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Henri IV - An unfinished reign

The Peace of Vervins (2 May 1598)

Section 1/3

  When Henri IV declared war on Spain on 17 January 1595, the kingdom of France was battered and exhausted in the wake of the endless Wars of Religion. Declaring war was a risky move, but it showed Henri's political skills as well as his daring. It was daring because the Spanish infantry formations, the renowned tercios, had long proven their effectiveness on the battlefields of Europe, and they constituted a real danger for Henri's armies. It was a politically savvy move, however, because in declaring war on Spain, Henri IV was killing two birds with one stone – he brought together Frenchmen who had been divided by civil strife to fight a common enemy, and he was able to make the Leaguers who had not rallied to him look like traitors.

The early part of the conflict went well for the French. They defeated the Spanish – who had been joined by Mayenne's League troops – at Fontaine-Française on 5 June 1595. Despite having a much smaller force, Henri showed great audacity. As he accompanied his scouts early one morning, they came across a vanguard of Spanish troops and attacked them with light horse. His victory, which cost him very little in terms of men, created a considerable stir. The king took advantage of this, emphasising in several letters how certain he was that he was under divine protection. An initial message to his sister Catherine de Bourbon mentioned "the grace that God given [him] in combat". A second, addressed to the Parlement of Paris, explained his victory in similar terms, since "glory had to be given to God, from whose hand this great good has come". This initial victory was completed by the conquest of Ham by the troops of Henri de Turenne, maréchal de France, and it allowed Henri to make a triumphal entry into Lyon in September 1595.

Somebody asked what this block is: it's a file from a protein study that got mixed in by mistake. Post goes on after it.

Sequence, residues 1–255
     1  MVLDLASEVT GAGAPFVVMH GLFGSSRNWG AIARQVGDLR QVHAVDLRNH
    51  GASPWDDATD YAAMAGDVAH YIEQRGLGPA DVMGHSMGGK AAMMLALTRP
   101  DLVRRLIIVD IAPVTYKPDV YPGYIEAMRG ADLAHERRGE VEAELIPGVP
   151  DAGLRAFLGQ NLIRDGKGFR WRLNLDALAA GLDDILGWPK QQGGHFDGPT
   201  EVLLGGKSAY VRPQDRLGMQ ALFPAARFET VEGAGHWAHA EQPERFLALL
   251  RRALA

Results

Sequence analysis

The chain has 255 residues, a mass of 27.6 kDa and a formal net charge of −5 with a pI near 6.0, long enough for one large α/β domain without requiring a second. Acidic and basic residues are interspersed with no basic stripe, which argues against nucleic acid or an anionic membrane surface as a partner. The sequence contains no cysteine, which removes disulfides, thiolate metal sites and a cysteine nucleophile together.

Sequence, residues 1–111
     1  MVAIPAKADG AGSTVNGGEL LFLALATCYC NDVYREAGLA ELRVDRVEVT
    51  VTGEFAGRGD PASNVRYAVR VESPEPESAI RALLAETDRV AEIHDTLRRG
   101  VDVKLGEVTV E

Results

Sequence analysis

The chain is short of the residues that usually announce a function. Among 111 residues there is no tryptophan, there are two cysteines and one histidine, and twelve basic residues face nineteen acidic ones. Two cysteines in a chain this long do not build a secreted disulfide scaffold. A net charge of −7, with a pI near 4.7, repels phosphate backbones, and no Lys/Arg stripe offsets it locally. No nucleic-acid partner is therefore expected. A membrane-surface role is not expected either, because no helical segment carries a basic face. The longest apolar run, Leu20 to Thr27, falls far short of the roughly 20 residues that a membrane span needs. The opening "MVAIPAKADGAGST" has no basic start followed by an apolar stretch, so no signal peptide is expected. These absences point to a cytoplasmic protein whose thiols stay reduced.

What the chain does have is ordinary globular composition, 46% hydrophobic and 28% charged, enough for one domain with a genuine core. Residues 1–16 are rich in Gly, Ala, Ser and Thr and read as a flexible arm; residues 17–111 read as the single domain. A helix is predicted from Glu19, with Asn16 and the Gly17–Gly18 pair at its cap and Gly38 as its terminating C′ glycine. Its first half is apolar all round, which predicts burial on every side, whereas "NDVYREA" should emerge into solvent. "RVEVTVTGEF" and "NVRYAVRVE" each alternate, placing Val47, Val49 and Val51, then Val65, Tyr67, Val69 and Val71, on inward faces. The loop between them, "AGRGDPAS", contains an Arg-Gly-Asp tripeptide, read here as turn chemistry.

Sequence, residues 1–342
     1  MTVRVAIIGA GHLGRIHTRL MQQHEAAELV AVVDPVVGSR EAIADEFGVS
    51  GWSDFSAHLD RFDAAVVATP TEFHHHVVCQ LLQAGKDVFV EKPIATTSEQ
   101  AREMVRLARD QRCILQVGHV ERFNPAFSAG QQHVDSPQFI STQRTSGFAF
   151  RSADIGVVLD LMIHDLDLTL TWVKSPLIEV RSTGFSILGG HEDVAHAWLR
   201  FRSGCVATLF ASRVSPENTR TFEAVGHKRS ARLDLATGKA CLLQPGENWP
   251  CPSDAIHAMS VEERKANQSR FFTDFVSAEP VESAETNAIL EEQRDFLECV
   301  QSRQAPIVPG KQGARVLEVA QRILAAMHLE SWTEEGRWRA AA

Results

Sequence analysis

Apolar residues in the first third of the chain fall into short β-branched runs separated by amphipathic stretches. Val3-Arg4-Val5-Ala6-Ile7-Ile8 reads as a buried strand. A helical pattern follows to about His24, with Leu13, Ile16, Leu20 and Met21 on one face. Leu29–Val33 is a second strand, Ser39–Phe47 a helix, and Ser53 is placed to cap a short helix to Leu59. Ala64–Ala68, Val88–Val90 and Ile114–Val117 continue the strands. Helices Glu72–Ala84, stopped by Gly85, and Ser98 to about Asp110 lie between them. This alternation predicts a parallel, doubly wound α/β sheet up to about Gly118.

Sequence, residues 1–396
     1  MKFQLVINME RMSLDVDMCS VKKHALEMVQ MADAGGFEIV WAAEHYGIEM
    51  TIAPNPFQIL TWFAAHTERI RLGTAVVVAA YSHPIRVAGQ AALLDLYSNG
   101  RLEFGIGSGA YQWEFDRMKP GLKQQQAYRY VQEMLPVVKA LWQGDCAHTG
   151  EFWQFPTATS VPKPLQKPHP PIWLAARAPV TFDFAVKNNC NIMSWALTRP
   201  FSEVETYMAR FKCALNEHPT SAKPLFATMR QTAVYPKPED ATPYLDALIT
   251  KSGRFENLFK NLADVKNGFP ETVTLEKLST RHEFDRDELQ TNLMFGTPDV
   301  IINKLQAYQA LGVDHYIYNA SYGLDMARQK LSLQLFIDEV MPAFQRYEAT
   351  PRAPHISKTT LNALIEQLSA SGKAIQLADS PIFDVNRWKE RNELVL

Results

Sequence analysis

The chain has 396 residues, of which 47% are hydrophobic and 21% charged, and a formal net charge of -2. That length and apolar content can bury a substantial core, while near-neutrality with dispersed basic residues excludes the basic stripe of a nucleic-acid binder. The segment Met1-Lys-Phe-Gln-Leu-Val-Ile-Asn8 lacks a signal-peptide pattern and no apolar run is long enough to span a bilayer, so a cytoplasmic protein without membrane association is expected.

Related multimedia

Title: The Spanish leaving by the Porte Saint-Denis

The Spanish leaving by the Porte Saint-Denis
© Musée national du château de Pau / Jean-Yves Chermeux
Caption:
The Spanish leaving by the Porte Saint-Denis on 22 March 1594, engraving by Léon Gaultier, 1606. Musée national du château de Pau, Inv. P.54.12.1.3.

Title: Philippe II, king of Spain

Portrait of Philippe II, king of Spain
© BnF
Caption:
Philip II, king of Spain. Département des estampes et de la photographie de la BnF, Inv. Qb. 1589 Hennin 920

Section 2/3

Things then turned against the French and the war began to bog down. Under the leadership of the Count of Fuentes, the new governor of the Netherlands, the Spanish won battle after battle. Between 1595 and 1596, they beat the French twice at Doullens (on 24 and 31 July 1595), and captured both Cambrai (October 1595) and Calais (April 1596). Despite the capture of La Fère after a very costly siege (November 1595–May 1596), and despite alliances with Elizabeth I of England (signed at Greenwich in May 1596) and the United Provinces, the situation was delicate for Henri.

Things took a turn for the worse on 11 March 1597. To everyone's great surprise, the Spanish captured Amiens, disguised as walnut merchants. This was a rude shock, because Amiens was strategic to the defence of Paris. Henri IV, overwhelmed, exclaimed, "I have been king of France long enough; now it's time to be the king of Navarre!" He was determined to retake the city at all costs. On 12 March, Henri IV left Paris to lay siege to Amiens. In the wings, Maximilien de Béthune , the future Sully, set about procuring funds and organising the intendancy. The siege lasted five months, at the end of which Amiens surrendered. The war with Spain was as good as won.